TW: Haha, yeah. And they would buy Elton John, Billy Joel. So we were getting turned on to a lot of stuff. Elton John has mad soul! People don’t realize this, but I look at Elton John as being very soulful. Billy Joel, mad soul. So I grew up on a lot of different stuff in the house. Those influences, they catapulted me into wanting to emulate them, not just in being a musician, but also trying to find my place when it came to writing. When I heard Lionel Richie come out with the Brickhouse album with the Commodores, oh my God, his songwriting, and how he just puts it all together, it intrigued me as a kid back in 1977-8, and still today. To hear such music, and also the lyrics, and how he put it all together, he is such an amazing song writer. So all those names I named, I mean, I can go on and on. Prince, so many. I would be doing someone an injustice by not mentioning him.
TRT: So we will have to add a line stating “and all the rest I forgot to mention.”
TW: Exactly. And all the rest I forgot to name.
TRT: So here we are, starting the second half of 2017. What is coming up for Tomar and the FCs?
TW: Well, to start, July 14-15, we will be playing right here at C-Boys to release our third video, Shine Your Light. We shot it back in February, but we had some editing and stuff to do, and we will be debuting it that weekend. (Editor’s note: if you are in Austin, don’t miss this. Tell Tomar you read this interview and he will treat you like family.) And we have a bunch more stuff coming. We have Viva Ben Fest on July 29. But the one thing we are really looking forward to is coming up in October. We were actually picked to perform at ACL this year.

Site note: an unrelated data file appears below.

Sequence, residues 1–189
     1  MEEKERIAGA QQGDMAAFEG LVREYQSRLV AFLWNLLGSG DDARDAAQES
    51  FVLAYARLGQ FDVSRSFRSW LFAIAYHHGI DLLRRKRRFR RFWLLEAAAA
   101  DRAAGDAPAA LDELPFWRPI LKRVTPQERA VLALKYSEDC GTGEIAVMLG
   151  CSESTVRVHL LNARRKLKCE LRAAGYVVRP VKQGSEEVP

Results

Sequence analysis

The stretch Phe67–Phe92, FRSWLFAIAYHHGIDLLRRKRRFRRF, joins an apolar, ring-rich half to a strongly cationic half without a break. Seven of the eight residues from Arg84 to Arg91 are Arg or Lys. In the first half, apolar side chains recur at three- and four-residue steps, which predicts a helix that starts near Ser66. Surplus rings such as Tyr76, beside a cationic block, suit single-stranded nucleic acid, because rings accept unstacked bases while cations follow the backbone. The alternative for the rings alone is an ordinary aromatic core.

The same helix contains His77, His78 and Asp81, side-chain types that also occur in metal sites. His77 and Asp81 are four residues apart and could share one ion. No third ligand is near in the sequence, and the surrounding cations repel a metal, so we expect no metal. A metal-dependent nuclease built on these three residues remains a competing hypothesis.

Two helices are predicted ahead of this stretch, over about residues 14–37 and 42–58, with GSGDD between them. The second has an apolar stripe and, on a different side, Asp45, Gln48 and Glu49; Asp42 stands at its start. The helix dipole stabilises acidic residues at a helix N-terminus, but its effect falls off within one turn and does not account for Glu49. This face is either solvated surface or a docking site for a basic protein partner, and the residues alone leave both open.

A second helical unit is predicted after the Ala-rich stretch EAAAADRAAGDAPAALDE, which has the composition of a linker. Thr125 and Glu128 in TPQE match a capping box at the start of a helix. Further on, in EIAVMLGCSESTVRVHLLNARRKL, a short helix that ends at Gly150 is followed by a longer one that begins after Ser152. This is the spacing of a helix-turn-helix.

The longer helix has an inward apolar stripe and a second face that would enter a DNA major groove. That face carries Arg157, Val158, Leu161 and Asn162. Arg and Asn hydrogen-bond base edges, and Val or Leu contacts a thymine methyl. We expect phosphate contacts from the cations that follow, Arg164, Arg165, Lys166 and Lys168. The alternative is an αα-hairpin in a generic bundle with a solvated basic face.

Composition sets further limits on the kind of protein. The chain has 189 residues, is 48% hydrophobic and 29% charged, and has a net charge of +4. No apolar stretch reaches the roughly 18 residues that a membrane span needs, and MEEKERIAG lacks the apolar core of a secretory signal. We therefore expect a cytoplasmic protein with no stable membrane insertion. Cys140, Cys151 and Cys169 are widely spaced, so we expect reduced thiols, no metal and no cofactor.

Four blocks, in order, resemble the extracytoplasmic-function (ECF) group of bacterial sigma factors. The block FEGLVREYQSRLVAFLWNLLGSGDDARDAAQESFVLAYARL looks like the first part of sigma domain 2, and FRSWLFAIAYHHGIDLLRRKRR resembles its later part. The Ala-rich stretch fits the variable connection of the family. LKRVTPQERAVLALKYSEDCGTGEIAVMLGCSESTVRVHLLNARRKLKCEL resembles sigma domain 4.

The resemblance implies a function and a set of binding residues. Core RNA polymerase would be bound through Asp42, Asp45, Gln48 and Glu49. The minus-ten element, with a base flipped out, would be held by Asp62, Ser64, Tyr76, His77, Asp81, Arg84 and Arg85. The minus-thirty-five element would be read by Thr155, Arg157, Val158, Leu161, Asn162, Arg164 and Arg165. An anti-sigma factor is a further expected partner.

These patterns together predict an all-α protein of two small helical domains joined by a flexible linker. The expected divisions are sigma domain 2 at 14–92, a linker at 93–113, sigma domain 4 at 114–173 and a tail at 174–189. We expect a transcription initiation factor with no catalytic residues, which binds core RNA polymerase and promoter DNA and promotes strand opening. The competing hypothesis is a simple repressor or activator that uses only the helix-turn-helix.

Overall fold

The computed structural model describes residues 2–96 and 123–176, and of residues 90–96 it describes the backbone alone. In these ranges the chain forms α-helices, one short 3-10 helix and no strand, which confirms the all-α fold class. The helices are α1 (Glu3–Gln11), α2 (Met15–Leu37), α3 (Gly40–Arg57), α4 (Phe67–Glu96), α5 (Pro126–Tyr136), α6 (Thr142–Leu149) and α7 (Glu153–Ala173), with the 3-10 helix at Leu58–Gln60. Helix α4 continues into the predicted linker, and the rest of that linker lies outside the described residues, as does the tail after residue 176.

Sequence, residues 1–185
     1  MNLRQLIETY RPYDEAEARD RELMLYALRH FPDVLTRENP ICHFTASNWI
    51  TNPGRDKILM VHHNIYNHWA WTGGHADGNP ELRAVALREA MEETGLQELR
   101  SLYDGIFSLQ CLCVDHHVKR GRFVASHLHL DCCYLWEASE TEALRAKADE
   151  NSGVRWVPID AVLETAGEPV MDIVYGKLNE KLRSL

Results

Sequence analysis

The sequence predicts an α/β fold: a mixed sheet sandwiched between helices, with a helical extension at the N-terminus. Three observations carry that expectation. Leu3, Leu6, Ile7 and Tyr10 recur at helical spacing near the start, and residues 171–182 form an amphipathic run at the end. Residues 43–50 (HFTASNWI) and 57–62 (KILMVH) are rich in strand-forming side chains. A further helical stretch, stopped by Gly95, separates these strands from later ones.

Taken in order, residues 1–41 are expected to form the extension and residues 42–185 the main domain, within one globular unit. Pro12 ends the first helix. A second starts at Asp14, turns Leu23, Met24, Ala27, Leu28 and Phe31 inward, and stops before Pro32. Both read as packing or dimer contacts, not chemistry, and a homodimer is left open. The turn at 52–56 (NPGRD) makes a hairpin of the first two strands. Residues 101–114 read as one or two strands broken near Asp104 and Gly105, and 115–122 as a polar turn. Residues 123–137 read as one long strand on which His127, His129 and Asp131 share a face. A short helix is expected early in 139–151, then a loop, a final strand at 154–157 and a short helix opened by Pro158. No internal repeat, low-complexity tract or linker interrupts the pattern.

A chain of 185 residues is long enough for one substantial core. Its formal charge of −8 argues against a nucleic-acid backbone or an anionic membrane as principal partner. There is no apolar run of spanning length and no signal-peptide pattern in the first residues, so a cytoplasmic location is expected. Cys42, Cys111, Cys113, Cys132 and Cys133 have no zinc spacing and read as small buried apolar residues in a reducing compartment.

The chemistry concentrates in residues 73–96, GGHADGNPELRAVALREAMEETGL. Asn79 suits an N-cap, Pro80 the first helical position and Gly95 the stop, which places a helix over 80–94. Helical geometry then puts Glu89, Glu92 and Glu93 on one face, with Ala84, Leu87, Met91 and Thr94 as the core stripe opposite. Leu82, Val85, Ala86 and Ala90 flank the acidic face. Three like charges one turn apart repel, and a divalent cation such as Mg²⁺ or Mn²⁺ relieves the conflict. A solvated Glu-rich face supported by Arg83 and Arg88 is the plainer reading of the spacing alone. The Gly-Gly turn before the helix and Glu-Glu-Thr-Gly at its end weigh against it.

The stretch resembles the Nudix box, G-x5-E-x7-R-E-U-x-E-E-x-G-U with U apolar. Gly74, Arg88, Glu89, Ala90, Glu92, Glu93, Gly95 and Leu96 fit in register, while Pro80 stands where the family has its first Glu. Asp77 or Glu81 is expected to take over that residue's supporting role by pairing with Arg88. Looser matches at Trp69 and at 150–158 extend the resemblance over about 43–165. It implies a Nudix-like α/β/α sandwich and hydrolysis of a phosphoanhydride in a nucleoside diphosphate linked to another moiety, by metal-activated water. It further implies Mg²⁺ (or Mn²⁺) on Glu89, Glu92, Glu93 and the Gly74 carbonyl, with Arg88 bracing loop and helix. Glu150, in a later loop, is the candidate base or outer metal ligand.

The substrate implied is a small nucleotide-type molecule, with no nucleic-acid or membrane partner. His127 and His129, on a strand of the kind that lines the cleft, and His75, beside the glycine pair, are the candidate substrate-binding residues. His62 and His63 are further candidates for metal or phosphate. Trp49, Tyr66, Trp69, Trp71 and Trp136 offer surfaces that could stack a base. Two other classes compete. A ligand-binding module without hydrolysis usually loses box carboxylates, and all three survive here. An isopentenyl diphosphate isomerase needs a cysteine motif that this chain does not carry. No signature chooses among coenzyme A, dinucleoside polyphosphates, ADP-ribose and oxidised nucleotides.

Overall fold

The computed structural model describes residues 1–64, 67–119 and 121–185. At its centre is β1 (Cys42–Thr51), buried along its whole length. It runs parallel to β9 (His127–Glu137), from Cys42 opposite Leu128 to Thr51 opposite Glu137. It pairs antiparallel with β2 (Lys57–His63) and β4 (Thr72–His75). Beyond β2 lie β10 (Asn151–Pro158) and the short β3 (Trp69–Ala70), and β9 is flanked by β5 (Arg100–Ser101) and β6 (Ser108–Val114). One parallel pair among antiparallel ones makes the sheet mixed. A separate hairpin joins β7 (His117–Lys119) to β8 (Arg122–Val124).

TRT: For those who don’t know, what is ACL?
TW: ACL is Austin City Limits. It is the monster music festival of, like, anywhere. Let me tell you, when the band got together back in 2015, in our first few practices, I told the fellows, “You know, guys, we are going to be playing ACL.” And they said, “Oh, come on, Tomar.” I said, “Dudes, I give us two years tops.” And here we are.
TRT: Congratulations! That is awesome. That really has to be the pinnacle for an Austin music act.
TW: Oh man. When you are in this city, you know what that means. When you say Austin City Limits, it’s not just geared to the people here in Austin. People fly in from all over the world to attend, so if you’re a part of it, even if you’re on a stage about the size of a shoe box, I don’t give a damn, you know? At least you are included. Your name was actually picked from so many numbers. So that’s an honor.